Official Development Assistance (ODA)
(1) Basic Approaches of Japan's ODA (philosophy and principles)
(a) Basic Philosophy
At a Cabinet meeting on June 30, 1992, the Japanese government adopted the ODA Charter. The Charter is a document that reflects a new perspective on the world changed since the end of the Cold War. It was drawn up in light of the results Japan had achieved through the experiences gained in the course of the implementation of ODA programmes over the past 40 years. As such, it is a statement of Japan's ODA policy in a comprehensive way covering basic philosophy, principles and priority areas from a long-term perspective. At its outset, the Charter set forth the following four points as the basic philosophy of Japan's ODA.
Basic Philosophy of the ODA Charter
1) Humanitarian considerations
2) Recognition of interdependence among nations of the international community
3) Environmental conservation
4) Support for self-help efforts of recipient countries
(b) The Four Principles of the ODA Charter
Along with this basic philosophy, the principles constituting the core of the ODA Charter are described in the following (hereinafter referred to as "the Four Principles"):
Four Principles of the ODA Charter
1) Compatibility between preservation of the environment and development
2) Avoidance of the use of ODA funds for military purposes and for purposes liable to inflame international conflicts
3) Monitoring of military spending of developing countries, their activities of developing and producing weapons of mass destruction, and the export or import of weapons
4) Monitoring of activities for the promotion of democratization in developing countries, and their efforts to introduce a market-oriented economy and protect basic human rights and freedoms of their citizens
Below, basic ideas on the Four Principles are illustrated.
1) The Importance of Judgement through a Comprehensive Approach
Management of the "Four Principles" is reviewed in a comprehensive way, taking into account various aspects of diplomatic consideration. It would be inappropriate to establish uniform standards and apply them automatically since the international environment in which developing countries are placed and the economic and social backgrounds of these countries are different from one country to another. To be more concrete, it is necessary to evaluate a given case from broader perspectives by taking into account not only the situation in a recipient country in relation to the Four Principles, but also the government's stance, its policy, political and economic relations with Japan and the international environment surrounding it.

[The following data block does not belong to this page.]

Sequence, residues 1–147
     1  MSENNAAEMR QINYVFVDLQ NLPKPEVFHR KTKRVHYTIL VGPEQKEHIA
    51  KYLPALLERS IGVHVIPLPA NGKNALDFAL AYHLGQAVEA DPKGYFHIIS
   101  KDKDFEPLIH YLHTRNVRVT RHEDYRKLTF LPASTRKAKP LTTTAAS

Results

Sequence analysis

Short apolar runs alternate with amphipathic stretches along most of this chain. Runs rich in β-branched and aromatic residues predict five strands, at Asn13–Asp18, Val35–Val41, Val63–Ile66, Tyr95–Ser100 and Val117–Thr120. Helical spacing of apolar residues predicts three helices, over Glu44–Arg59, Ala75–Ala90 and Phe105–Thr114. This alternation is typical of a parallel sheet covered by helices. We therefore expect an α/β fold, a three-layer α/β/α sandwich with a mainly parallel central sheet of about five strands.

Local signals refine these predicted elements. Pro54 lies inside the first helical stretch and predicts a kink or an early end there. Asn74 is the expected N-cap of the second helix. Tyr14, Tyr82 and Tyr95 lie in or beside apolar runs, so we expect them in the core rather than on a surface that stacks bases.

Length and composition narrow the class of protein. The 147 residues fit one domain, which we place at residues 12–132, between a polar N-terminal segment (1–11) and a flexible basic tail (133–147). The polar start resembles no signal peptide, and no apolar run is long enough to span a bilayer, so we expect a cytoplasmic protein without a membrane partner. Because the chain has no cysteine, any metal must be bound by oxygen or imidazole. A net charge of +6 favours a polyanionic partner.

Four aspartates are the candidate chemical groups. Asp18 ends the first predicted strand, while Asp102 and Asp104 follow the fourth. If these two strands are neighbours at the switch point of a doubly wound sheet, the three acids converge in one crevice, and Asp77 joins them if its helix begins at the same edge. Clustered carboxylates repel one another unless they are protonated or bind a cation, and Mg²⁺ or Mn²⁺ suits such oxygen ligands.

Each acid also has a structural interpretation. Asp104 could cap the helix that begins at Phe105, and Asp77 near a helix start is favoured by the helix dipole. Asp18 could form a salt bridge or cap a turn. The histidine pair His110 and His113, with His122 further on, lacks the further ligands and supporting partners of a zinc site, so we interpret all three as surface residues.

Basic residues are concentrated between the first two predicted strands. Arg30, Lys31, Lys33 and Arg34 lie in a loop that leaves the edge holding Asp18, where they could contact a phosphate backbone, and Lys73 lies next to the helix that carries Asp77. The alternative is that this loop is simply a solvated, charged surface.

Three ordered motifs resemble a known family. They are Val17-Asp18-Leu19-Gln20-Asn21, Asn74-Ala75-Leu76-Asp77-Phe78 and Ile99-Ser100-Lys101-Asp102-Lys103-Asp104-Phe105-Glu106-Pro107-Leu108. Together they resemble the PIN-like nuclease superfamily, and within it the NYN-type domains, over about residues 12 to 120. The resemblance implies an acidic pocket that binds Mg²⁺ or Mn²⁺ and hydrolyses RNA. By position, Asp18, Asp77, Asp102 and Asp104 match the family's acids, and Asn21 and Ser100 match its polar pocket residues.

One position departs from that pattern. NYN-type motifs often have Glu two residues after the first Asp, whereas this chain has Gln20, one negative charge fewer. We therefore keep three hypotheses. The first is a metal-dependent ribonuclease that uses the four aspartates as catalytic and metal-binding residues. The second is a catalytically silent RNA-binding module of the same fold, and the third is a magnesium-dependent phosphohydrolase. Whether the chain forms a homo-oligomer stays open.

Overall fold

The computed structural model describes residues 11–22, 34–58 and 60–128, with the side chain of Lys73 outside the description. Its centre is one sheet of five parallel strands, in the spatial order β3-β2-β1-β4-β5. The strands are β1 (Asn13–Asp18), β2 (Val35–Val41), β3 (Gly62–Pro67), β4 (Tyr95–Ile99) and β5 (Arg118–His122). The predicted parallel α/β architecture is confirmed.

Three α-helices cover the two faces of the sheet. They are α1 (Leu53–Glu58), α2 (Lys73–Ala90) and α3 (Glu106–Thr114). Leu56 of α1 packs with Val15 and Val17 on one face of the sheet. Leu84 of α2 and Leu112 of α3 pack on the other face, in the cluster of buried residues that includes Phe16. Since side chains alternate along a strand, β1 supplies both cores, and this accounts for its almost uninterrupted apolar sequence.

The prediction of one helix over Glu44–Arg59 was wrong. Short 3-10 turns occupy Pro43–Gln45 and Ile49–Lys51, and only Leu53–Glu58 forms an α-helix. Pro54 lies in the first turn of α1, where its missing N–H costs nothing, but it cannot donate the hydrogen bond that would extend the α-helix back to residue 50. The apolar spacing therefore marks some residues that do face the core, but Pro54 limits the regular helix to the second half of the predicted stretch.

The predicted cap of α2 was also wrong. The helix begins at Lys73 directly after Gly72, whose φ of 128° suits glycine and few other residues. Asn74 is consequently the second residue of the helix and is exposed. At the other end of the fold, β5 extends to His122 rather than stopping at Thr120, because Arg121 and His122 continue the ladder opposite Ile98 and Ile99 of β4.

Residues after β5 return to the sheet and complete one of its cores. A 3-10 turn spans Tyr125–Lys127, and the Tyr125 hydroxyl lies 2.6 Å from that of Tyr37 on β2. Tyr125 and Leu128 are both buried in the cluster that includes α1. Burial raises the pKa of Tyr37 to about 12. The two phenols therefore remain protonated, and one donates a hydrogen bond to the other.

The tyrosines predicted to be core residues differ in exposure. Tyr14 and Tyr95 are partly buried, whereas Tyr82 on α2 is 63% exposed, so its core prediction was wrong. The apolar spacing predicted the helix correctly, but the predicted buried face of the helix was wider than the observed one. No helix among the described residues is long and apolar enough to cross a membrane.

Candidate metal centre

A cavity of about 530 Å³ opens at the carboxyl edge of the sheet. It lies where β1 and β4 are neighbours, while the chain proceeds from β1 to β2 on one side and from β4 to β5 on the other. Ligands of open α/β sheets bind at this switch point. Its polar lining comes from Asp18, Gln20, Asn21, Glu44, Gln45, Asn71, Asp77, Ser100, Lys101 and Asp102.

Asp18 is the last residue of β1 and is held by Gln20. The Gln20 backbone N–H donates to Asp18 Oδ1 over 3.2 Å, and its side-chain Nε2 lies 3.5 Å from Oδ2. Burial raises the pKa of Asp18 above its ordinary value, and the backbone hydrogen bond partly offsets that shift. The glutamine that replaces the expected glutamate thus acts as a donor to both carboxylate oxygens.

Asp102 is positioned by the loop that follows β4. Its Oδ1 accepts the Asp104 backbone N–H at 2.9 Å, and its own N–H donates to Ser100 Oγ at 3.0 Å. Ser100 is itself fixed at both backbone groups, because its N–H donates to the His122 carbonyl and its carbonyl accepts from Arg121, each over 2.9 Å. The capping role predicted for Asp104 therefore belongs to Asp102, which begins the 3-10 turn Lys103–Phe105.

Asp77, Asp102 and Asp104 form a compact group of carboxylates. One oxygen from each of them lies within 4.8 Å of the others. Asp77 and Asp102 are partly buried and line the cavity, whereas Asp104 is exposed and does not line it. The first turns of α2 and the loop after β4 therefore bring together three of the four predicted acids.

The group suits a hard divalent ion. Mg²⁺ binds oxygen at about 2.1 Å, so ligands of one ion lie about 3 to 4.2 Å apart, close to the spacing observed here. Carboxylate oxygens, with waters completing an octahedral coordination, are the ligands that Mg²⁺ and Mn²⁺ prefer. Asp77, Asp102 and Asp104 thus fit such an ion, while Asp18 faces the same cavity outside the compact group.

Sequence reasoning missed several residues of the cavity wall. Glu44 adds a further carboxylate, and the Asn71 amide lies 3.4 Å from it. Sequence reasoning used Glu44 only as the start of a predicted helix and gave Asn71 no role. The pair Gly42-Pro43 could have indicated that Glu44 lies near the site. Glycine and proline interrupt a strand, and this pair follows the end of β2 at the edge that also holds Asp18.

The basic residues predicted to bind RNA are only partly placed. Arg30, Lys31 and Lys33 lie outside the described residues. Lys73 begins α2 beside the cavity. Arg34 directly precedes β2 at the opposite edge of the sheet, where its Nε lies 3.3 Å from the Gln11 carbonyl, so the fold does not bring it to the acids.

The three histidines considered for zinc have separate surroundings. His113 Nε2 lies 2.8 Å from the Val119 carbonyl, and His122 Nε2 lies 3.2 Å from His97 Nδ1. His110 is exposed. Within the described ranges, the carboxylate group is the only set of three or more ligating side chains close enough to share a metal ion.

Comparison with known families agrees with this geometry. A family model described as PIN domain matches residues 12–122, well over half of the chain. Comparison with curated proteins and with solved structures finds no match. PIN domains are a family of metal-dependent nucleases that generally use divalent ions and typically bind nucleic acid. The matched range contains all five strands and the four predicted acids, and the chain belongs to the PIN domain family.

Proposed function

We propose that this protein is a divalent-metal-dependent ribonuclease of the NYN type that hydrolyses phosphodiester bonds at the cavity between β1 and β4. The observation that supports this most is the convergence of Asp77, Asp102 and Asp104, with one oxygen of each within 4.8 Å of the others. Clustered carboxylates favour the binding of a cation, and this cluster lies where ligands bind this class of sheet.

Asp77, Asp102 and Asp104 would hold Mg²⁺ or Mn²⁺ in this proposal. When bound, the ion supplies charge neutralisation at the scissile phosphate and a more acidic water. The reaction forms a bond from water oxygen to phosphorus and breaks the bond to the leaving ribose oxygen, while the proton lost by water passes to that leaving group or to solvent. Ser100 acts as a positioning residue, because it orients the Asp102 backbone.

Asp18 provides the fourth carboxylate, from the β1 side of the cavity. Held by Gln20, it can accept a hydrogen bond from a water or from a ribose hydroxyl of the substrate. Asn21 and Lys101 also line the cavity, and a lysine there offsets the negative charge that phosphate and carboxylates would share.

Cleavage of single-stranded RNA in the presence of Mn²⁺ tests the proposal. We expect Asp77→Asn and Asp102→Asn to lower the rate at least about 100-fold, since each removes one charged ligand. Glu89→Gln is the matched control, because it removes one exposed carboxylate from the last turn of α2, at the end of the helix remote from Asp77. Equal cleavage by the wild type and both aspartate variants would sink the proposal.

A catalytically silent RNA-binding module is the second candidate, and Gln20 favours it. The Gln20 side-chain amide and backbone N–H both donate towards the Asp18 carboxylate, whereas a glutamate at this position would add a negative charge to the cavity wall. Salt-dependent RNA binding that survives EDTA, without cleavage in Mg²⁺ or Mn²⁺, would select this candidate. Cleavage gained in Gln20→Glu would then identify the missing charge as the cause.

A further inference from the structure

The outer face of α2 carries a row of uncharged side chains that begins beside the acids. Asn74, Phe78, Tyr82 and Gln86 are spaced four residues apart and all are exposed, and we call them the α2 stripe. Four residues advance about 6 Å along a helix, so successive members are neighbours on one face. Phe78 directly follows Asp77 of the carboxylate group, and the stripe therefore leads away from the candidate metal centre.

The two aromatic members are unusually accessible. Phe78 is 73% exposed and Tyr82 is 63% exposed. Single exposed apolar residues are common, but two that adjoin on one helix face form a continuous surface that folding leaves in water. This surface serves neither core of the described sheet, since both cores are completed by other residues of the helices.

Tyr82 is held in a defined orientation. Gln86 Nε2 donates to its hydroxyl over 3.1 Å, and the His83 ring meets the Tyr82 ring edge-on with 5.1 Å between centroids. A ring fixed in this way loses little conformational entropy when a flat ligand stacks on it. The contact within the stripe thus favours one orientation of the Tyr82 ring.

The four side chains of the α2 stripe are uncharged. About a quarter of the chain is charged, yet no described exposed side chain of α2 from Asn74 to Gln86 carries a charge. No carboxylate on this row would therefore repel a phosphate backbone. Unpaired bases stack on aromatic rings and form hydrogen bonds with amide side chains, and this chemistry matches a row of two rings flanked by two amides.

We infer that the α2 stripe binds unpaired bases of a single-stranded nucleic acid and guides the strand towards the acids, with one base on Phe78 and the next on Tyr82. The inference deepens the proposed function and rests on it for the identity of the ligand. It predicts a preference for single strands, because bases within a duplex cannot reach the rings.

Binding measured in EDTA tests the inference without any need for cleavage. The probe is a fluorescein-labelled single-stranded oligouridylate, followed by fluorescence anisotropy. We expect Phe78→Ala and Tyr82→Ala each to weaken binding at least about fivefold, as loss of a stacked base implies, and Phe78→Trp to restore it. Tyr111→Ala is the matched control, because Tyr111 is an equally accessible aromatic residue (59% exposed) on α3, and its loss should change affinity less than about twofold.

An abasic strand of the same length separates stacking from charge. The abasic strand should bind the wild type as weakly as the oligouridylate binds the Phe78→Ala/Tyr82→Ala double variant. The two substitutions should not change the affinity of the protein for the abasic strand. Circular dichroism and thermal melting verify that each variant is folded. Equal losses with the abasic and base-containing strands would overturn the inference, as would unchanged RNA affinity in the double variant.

2) Need for Careful Observation
Each item of the Four Principles deals with events closely related to the security and political issues of recipient countries. The Principles should not be achieved by the initiative of Japan. Instead, the self-awareness and endeavour of the developing countries are essential. Therefore, when problems contravening the principles occur in a recipient country, it is important not to reflect them immediately in the cooperation, but to investigate the facts, then to express Japan's concern and propose measures to improve the situation. It would be necessary to listen carefully to the explanation of the recipient country and have a dialogue with the country so that it may become aware of the problems and take remedial measures on its own. The Japanese approach is to work tenaciously on the recipient country toward achieving the goal through "friendly persuasion" and "quiet and patient diplomacy." It would be practical to see the development of the event from a longer-term perspective.
3) Two Approaches to the Management of the Four Principles
The approaches are categorized into two: negative linkage and positive linkage. The former is an approach whereby the aid policy toward a recipient country is reviewed when a situation undesirable in light of the Four Principles takes place in such country. The latter is one whereby Japan actively assist the country which shows signs of improvement in such areas as democratization, human rights and restraints over military expenditure. The negative linkage may incur a repulsion from the developing country concerned and retard the movement for improvement. Therefore, the positive linkage is considered to be a more practical and efficient approach.
4) The Importance of Giving Consideration to Humanitarian Aid
Suspension of aid to a developing country under the Four Principles is not necessarily intended to bring economic and social hardships to the poor people of the developing country. Therefore, when its aid has to be suspended, Japan excludes emergency and humanitarian aid that benefits the people of the country at large.